This is Mr Ellis' original letter on which I have commented. The growth figures are from Geography IQ Others will differ slightly depending on the year under question & counting methods - but not by much.

Sunday, March 25, 2007

Analysis of SNP's economic policy ignores the potential for growth

This is an OPINION peace I had in the Scotsman in April 2005. It is still correct.
Professor Arthur Midwinter is misinformed in his comments on the SNP’s policy of cutting corporation tax to kick-start economic growth (your report, 29 March). The case that all the SNP’s policies, specifically independence and the use of oil revenues, could cost £10 billion is arguable either way; but it is unreasonable to use this figure in an argument about cutting corporation tax.

As he states later, since our total corporation tax receipts are £2.1 billion, a cut of one-third would be £700 million. Scottish Enterprise already costs us £500 million, for less obvious effect, and Holyrood has regularly had an underspend of £500 million. This is, therefore, clearly affordable.

The argument about independence is a different issue. It is quite possible the SNP could become the leading party without persuading the electorate to secede.

He is also in error in saying Ireland’s growth preceded the tax cut. Ireland decided on reform in 1989, including cutting business taxes, and instituted it within a year. They immediately came out of stagflation.

It is true that in face of this success they repeatedly cut corporation tax to its present level of 12.5 per cent (and that the rate of growth further increased), which is what he is referring to in saying that some tax cuts came after success. But the initial cut came first - the relationship between reform and success is so close that it is not reasonable to deny that the one led to the other.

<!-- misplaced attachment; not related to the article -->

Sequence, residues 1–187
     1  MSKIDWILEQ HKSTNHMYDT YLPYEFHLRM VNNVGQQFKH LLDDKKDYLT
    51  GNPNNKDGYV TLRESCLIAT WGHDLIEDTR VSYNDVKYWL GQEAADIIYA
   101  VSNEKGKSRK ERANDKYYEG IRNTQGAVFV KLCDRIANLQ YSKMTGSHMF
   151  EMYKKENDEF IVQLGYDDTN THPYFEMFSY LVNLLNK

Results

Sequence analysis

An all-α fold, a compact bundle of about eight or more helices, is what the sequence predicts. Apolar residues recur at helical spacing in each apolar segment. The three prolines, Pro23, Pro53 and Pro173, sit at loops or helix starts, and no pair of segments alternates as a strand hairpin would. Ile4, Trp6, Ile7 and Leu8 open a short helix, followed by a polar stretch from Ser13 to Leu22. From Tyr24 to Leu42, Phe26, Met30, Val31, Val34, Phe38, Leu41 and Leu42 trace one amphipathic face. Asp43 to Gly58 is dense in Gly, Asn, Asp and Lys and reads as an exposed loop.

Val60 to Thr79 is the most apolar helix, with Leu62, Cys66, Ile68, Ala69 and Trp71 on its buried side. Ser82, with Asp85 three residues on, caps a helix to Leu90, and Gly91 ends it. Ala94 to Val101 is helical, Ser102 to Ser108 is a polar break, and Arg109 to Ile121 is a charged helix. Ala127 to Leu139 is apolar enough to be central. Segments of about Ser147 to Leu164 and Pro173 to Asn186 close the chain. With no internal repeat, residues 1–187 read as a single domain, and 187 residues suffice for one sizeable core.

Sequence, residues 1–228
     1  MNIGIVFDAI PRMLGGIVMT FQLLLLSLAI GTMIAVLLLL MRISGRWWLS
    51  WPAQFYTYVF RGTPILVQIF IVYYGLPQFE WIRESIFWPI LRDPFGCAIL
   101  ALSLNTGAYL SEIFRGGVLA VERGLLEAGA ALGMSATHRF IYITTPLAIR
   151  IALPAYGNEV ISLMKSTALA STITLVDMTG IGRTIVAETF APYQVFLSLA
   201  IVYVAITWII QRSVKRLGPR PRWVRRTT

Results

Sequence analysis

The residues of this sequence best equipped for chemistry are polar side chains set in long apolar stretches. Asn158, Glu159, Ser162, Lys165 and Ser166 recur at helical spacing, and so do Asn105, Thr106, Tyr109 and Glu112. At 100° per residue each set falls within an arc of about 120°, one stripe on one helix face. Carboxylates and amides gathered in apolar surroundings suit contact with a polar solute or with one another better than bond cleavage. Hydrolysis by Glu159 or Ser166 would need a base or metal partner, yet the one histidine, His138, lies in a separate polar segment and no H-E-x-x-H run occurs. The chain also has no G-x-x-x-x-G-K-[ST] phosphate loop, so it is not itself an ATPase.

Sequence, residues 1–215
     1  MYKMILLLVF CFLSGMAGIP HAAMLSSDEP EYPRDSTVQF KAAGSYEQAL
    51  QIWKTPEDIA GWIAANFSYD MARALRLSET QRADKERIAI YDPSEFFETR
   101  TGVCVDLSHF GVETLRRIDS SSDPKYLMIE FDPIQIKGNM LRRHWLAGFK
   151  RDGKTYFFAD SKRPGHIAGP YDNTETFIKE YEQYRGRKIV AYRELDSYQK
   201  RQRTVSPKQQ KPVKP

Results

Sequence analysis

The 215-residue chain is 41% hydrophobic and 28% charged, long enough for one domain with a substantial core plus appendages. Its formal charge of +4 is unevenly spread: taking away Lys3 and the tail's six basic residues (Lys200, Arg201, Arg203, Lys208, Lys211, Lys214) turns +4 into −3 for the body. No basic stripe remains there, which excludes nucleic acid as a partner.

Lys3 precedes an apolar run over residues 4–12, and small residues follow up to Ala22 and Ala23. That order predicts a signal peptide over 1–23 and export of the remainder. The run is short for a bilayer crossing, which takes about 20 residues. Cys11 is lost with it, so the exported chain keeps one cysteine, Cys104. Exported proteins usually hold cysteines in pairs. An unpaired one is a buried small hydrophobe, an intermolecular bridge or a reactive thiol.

Independence and European Union membership, sometimes credited with responsibility for Ireland’s achievement, came decades earlier, and immigration (actually the return of generations of emigrants), not surprisingly, followed growth.

A point he misses is that the lesson the SNP has learned from Ireland is twofold. Not just cutting business taxes, but also cutting regulation.

Turning round our economy cannot be done purely by writing a cheque, but it can be done by a government willing to make the effort, which includes writing that cheque and backing it. Since each 1 per cent increase in growth means an extra £1 billion of national wealth each and every year, the gains to be made exceed the cost many times over.

I do not believe Scottish voters are too stupid or too shortsighted to understand this.


Thursday, March 22, 2007


Corporation tax will be lowered from 30p to 28p next April - the first time the business levy has been reduced since 1999.

Corporation tax rates for small firms will rise to 22 pence, higher than the basic rate of income tax

The income tax cut is smoke & mirrors because the increase in getting rid of the 10p low rate exactly matches what we save with 2p off.

I have been calling for cutting corporation tax cuts to Irish levels of 12.5% for Scotland & also for the UK. Cutting 2p to 28% is a very small step but it is at least in the right direction even though there is at least half a step back in raising it for small business.

All in all no significant change.